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Maryland Governor Larry Hogan’s Paid Leave Compromise Bill – What Does It Really Do?

By Fiona W. Ong - Shawe & Rosenthal LLP

November 30, 2017

As Maryland employers are likely aware, the General Assembly passed a paid sick leave bill (HB1) this past session, which was vetoed by Governor Hogan. The Governor has now introduced a new paid leave bill – the Paid Leave Compromise Act of 2018 – that will be filed as emergency legislation when the next legislative session opens on January 10, 2018. The General Assembly’s Democratic leaders have nonetheless stated that they still plan to override the veto, making HB1 the law.

HB1, the “Maryland Healthy Working Families Act,” mandates that employers provide paid leave to employees to use for personal and family illness and health care, maternity or paternity leave, and to address domestic violence issues. Employers with 15 or more employees would be required to provide up to 40 hours (5 8-hour days) of paid leave, while smaller employees would be required to provide the same amount of unpaid leave.

The business community had many concerns about HB1, which have been detailed in a report prepared by the Committee on Paid Leave, a task force that was created by Governor Hogan and led by Maryland Secretary of Labor Kelly Schulz. In his compromise bill, which uses HB1 as its starting point, Governor Hogan addressed a number of those concerns, including the following:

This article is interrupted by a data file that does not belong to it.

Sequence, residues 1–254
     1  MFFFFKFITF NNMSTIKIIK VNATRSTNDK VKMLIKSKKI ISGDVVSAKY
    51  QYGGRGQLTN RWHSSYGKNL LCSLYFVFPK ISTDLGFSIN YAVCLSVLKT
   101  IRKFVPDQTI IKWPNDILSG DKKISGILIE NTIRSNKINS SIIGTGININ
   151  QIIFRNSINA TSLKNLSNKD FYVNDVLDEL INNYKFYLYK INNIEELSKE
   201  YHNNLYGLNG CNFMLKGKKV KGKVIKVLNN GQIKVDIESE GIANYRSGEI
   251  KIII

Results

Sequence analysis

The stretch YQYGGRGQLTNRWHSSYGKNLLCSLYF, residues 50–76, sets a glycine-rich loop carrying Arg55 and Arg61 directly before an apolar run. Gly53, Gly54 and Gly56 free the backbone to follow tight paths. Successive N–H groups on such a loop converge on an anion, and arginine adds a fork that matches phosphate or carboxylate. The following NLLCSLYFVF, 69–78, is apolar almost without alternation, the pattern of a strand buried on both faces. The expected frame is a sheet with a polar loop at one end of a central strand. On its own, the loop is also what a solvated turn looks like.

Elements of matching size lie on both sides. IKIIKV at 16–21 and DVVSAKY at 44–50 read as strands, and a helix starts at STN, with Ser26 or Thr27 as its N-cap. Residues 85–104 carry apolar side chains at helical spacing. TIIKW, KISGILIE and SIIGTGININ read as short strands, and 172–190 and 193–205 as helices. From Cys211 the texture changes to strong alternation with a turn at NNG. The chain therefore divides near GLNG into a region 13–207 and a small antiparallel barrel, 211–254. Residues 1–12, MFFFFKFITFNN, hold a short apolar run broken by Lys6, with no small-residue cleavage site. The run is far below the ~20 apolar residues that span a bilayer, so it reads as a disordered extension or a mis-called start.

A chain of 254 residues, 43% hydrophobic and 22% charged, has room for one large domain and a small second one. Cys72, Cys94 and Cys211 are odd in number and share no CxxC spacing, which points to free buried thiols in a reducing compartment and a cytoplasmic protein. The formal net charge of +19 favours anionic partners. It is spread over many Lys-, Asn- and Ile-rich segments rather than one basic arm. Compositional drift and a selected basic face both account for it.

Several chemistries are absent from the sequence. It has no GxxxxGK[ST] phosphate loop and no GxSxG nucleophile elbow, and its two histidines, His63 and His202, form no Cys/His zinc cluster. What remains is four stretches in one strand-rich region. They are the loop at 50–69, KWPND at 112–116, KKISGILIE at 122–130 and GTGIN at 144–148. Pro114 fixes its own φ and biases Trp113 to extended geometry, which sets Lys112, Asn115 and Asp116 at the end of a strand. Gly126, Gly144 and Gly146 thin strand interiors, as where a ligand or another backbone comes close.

The size of the employer required to provide paid leave is increased from 15 to 25 employees, and compliance is phased in over several years depending on the size of the employer.

The requirement for smaller employers to provide unpaid leave is removed.

The eligibility period to use the leave is extended from 106 days to 120 days (which eradicates the need to provide leave to seasonal employees).

Local jurisdictions are preempted from enacting paid leave legislation (which eliminates the possibility that an employer would have to comply with a patchwork of local laws, in addition to state law).

The rebuttable presumption of violation by the employer is removed, meaning that violations must be proven rather than disproven.

Some of the more onerous penalties and damages have been eliminated.

A hardship waiver is available based upon a showing of significant financial hardship.

In connection with his compromise bill, the Governor also stated that he would introduce the Small Business Relief Tax Credit, which provides tax credits to businesses with fewer than 50 employees that provide paid leave benefits.

Although the Governor’s compromise bill contains provisions that reduce the onerous impact of HB1 on businesses, there are still some points of concern from an employer perspective. Among these are the following:

The leave is not limited to purposes of illness, health care, and domestic violence, but may be used for any reason. This essentially requires covered employers to provide paid vacation to all employees.

Employers may not require verification of the use of leave. This affects the employer’s ability to ensure that unscheduled, last minute leave requests are for a valid purpose.

Employers may not discipline employees for using leave. Thus, employees may abuse the leave by calling out at the last minute at a whim, and employers have no recourse despite negative impacts on business operations.

Employers apparently may not deny the use of leave (except in the case of service providers to developmentally disabled or mentally ill individuals, and only under specific circumstances).

In his announcement of the compromise bill, the Governor invited the Democratic legislative leaders to work with him on a solution to the paid leave debate.

We will keep you posted on further developments.

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